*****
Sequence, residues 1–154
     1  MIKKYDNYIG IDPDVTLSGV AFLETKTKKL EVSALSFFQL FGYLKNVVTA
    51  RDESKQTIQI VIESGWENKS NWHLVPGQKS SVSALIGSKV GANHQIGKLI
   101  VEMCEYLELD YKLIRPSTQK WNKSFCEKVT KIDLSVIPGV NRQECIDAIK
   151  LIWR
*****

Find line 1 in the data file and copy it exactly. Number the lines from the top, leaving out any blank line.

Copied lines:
Sequence, residues 1–154